Rainbow Study Bible – Review

Rainbow Study Bible 001

Everyone who knows me knows that I color-code my Bible. Now, lots of people mark their Bible’s with color, but that’s not what I’m talking about. I’m talking about actually coding my Bible with color. I color-code topically (my favorite way to study). I have around 20 topics that I mark in a specific way. I usually only color the major verses in any topic. Almost everyone I know has expressed interest in having their Bibles color-coded but most of them don’t want to do the coloring. It is time-consuming and tedious work and it can be difficult deciding on how to color some verses. There is a Bible that is colored for you and it has every verse in the Bible marked. It’s called the Rainbow Study Bible. This is not your typical study Bible. It doesn’t have commentary with Theological notes. Instead of commentary it has in-text maps. So instead of opinions it has facts. That’s the kind of study Bible I can get behind. I am reviewing the Holman edition in KJV.

Pros

  • No commentary
  • Every verse color-coded
  • All the words of God underlined

Cons

  • Not available in a premium edition

Features

  • KJV
  • Brown/Chestnut LeatherTouch
  • 10-point font
  • Black letter
  • Words of God in both testaments underlined
  • 12 topic color code
  • Every verse color-coded
  • Lots of references
  • In-text color maps and illustrations
  • 500 word glossary of archaic words
  • Reading plan
  • Harmony of the Gospels
  • Gilted edges
  • Brown ribbon marker
  • 9.5 x 6.25 x 1.5
  • ISBN: 9781586406356
  • List = $59.95

Cover and Binding

The cover is an imitation leather called LeatherTouch. It’s a two-tone cover in brown and chestnut. The brown is smooth and the chestnut is textured. I like the feel of the chestnut portion the best. It has stitching around the perimeter and has a vinyl liner that is glued. The cover looks nice. I’m not sure how long it would last. It doesn’t want to lie down flat after you’ve opened it. I would love to have this Bible in a quality leather such as calfskin. The binding is glued. It does stay open in the middle of Genesis and I’m sure it will lay flat at Genesis 1 after it breaks in a little. I don’t know how long this cover will last, but I’m seriously considering rebinding it in a premium leather once it wears out.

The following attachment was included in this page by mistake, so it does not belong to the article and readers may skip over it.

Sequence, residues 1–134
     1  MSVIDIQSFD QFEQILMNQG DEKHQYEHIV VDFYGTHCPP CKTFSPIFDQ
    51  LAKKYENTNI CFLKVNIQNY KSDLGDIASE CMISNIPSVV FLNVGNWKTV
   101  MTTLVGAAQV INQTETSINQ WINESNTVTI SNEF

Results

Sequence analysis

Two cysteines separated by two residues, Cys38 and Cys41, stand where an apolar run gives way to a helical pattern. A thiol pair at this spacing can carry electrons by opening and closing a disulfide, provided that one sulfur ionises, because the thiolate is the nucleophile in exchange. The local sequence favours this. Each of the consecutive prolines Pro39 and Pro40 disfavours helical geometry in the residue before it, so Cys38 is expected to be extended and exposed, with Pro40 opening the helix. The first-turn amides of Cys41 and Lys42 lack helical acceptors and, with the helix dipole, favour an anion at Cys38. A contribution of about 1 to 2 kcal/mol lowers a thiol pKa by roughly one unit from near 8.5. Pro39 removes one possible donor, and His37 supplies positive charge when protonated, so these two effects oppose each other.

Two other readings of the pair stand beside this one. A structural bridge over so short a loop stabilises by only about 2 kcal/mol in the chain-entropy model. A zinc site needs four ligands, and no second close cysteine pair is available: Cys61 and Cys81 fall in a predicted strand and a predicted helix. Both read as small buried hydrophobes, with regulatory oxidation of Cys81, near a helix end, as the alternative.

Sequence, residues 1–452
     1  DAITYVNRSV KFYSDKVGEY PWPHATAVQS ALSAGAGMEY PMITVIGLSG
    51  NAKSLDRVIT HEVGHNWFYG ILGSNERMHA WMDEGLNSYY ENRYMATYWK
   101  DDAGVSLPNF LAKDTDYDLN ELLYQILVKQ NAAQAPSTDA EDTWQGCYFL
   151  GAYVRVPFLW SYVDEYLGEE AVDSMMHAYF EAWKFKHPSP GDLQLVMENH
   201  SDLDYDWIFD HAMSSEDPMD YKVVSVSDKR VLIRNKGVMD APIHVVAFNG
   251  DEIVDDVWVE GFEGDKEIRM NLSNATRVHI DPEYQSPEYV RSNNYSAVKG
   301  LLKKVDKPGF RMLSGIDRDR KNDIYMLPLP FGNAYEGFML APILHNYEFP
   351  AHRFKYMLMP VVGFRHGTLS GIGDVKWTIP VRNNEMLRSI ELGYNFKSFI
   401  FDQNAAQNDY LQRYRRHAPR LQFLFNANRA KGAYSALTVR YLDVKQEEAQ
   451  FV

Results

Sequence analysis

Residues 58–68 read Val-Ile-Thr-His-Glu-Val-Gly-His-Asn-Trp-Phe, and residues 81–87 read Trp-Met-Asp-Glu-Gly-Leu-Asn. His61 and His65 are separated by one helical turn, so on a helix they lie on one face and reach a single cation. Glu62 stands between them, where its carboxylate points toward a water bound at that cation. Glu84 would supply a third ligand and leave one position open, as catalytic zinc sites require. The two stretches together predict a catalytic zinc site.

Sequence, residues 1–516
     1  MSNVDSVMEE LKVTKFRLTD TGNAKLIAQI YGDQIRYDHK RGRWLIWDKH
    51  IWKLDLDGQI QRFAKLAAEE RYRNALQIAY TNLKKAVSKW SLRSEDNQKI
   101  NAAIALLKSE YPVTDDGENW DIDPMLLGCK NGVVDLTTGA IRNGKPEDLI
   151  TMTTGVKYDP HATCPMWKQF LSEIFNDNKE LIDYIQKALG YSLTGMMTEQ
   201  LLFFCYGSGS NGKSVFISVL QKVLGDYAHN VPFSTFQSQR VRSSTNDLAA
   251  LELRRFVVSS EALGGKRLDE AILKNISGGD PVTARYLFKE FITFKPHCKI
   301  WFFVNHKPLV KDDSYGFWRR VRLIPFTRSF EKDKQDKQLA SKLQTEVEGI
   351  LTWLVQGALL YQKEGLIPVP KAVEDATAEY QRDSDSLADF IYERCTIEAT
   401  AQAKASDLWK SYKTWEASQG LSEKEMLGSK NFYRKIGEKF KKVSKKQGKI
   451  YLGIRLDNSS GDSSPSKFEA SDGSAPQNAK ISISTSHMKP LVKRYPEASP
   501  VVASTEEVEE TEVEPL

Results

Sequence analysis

Paper and Print

The paper looks and feels like the standard paper that is found in most study Bibles today. It’s not high quality but it’s not bad either. It’s not as opaque as I would like and it does feel thin. I was surprised at how well it takes the color. After using it for a while I’ve come to appreciate how good the color and print consistency looks and the opacity isn’t that bad. The paper has a blue hue (you can only see it in the gutter). I prefer a cream hue but this paper might be necessary for the color-consistency.

There are 4 pages to write on in the back. I’m glad and grateful that pages for writing are included, but I want a few more pages.

The font is 10/11. The text is black-letter. Rather than having the words of Christ in red, the entire words of God in both testaments, including the words of Christ in his humanity, are underlined. I like having the words of God in the Old Testament marked. This makes it difficult to do any of your own underlining. It’s not out of the question- it’s just difficult. Since this Bible is already marked, I’ll make the trade. The font is sharp and readable and the print quality is consistent. The boldness of the font is darker than most study Bibles.

Color Code

The color-code is the real star of this show. There are 12 colors, each one representing one of 12 major topics (subject headings):

  • God – purple
  • Discipleship – salmon
  • Love – green
  • Faith – light orange
  • Sin – grey
  • Evil – brown
  • Salvation – blue
  • Family – yellow
  • Outreach – pink
  • Commandments – green
  • History – silver
  • Prophecy – yellow/orange, gold

Most of the colors are not named, so I’m just guessing on a few of them. I’m sure the names I’ve given are not exact. Most verses are only marked with one color, but there are a few that have two colors. The colors are consistent throughout and it’s easy to read the text through the color.

There is a bookmark that has the color with the topics and subtopics but the colors don’t match the bookmark exact enough in my opinion. The colors are also listed in the front using the same paper as the text. This one is easy to use and reference.

The 12 subject headings contain 26 categories and 129 sub-topics. This is great for topical study. For example, if you’re interested in reading about Salvation just look at the verses in blue. It also works for devotions.

The topical system isn’t perfect but it’s a great place to start. Some verses are categorized as a complete passage rather than on a verse-by-verse level. For example, Matthew 7:1 is placed in Prophecy because of verse 2. I’ve color-coded my Bible long enough to know that you can’t cover every topic and many verses will fall into multiple topics. The Bible is too rich and vast to cover everything in detail, so 12 primary topics are enough. I might categorize a few things differently but overall it still works.

Book Introductions

The book introductions take one page and include:

  • Author
  • Date written
  • Time span
  • Title